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This.

I am Pre T2 with shockingly bad family history. I wear a CGM all the time. T2 is a long term energy surplus disease. Carb restriction can be used to mitigate the acute symptoms but does not treat the underlying root cause.

If you are not showing signs of metabolic syndrome, you frequently exercise with high and low intensity and are vaguely in energy balance there is nothing to this, dont worry about it.

If you have a scary family history or other reason to think your insulin response may be abnormal, wrap your carbs in exercise or fiber. If I have a bowl of white rice, my glucose goes to high and the overproduction of insulin often but not always makes it go too low. If i have the same rice and get on the bike, it does not happen. If i have a big handful of carrots and add some form of fat to the rice, the effect is blunted significantly.

The carbs are not the problem but the delivery rate can sometimes be not ideal. Fat, protein and fiber all slow the rate.

Exercise opens up a physical pathway for cells to take up glucose and it can work much faster than the chemical pathways. This means you can take up all that glucose without any insulin being added by your beta cells. I can drink country time pink leomaide 10 min before, during and up to 20 min after without any major glucose excursions. If i tried that outside of a workout i would feel like crap for 4 hours.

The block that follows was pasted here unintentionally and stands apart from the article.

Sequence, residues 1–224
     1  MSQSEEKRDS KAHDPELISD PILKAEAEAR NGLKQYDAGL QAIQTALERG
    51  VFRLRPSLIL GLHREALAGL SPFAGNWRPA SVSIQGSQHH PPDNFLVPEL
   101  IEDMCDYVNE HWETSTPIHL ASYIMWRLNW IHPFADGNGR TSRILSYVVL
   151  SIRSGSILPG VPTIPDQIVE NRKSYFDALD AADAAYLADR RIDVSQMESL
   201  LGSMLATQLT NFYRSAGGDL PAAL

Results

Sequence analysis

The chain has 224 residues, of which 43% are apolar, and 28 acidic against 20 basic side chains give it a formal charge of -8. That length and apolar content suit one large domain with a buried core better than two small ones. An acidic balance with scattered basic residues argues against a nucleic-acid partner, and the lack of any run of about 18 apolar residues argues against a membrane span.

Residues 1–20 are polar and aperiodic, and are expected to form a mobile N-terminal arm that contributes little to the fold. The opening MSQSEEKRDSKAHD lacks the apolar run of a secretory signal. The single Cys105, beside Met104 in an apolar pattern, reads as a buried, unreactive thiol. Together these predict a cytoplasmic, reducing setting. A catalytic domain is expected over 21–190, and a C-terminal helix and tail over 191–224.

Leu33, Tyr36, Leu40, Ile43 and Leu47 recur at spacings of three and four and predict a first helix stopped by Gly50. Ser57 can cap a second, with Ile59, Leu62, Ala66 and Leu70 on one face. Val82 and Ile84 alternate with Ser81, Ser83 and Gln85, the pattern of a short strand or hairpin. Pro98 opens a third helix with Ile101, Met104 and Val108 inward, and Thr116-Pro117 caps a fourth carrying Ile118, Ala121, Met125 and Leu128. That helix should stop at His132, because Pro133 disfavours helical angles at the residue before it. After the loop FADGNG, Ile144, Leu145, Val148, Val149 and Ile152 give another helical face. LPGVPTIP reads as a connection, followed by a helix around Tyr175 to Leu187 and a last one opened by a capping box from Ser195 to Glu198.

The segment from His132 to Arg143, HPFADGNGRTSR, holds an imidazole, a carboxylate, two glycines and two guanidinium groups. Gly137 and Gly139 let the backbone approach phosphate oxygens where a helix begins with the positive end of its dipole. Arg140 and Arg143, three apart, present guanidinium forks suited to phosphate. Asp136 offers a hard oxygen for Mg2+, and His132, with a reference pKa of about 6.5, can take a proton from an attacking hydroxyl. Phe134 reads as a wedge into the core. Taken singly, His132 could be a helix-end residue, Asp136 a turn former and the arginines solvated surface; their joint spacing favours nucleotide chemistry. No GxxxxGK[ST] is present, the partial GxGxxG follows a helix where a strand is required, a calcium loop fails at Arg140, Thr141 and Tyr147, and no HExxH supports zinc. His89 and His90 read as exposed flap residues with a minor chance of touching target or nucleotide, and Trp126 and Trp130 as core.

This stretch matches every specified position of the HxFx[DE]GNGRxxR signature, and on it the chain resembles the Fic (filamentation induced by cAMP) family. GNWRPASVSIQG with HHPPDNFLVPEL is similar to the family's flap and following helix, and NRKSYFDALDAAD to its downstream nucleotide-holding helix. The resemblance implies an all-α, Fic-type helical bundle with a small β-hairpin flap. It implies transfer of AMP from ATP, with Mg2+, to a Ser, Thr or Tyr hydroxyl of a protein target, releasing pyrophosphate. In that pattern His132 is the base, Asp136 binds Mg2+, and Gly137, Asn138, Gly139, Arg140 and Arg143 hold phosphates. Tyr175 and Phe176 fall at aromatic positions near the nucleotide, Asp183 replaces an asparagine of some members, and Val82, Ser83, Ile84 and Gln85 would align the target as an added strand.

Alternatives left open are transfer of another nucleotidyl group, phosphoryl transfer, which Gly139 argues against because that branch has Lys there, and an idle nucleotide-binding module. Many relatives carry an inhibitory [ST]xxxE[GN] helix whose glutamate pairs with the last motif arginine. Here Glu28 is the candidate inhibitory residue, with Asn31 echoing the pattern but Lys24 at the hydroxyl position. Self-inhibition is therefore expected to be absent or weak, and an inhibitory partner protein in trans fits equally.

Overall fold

So, to sum all this up: Eat full meals made of actual food. Dont make a habit of eating pure carb things by themselves (without some fat or protein or fiber) unless its around a workout. Treats every once in a while wont kill you, ice cream and beer all by itself every single night just might.

btw, beer does odd stuff to blood glucose. I only understand 1/3rd of what I am seeing but it has resulted in me drinking more athletic brewing company IPA and a bit less (but not none) real IPA.

If your A1c is even a little high in the pre range ask your dr for a CGM script and wear it for a month or 2. You will learn so much by watching your body respond to stuff that this will all become super obvious.

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Very interesting and useful information, clearly gained through experience. Thank you for sharing !

This is my first year being conscientious about fueling rides and workouts. I take in anywhere from 20-80 grams/hour on the bike. Mostly by energy drink – a 1:1 maltodextrin to fructose mix. Toss in fruit, dates, and gels occasionally. I had my annual physical about 1.5 months ago and my A1C reading was good, my instantaneous blood sugar was borderline.

Away from the bike I strive to stay away from the high GI stuff. However I eat alot of white rice and the wife is a temptress and knowsy weakness for oatmeal cookies–with raisins!

I’m a mid 50 yo guy who started cycling late in life.

This is your N+1 report.

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When I go out on endurance rides I definitely reduce my rate of carb intake, but never to zero.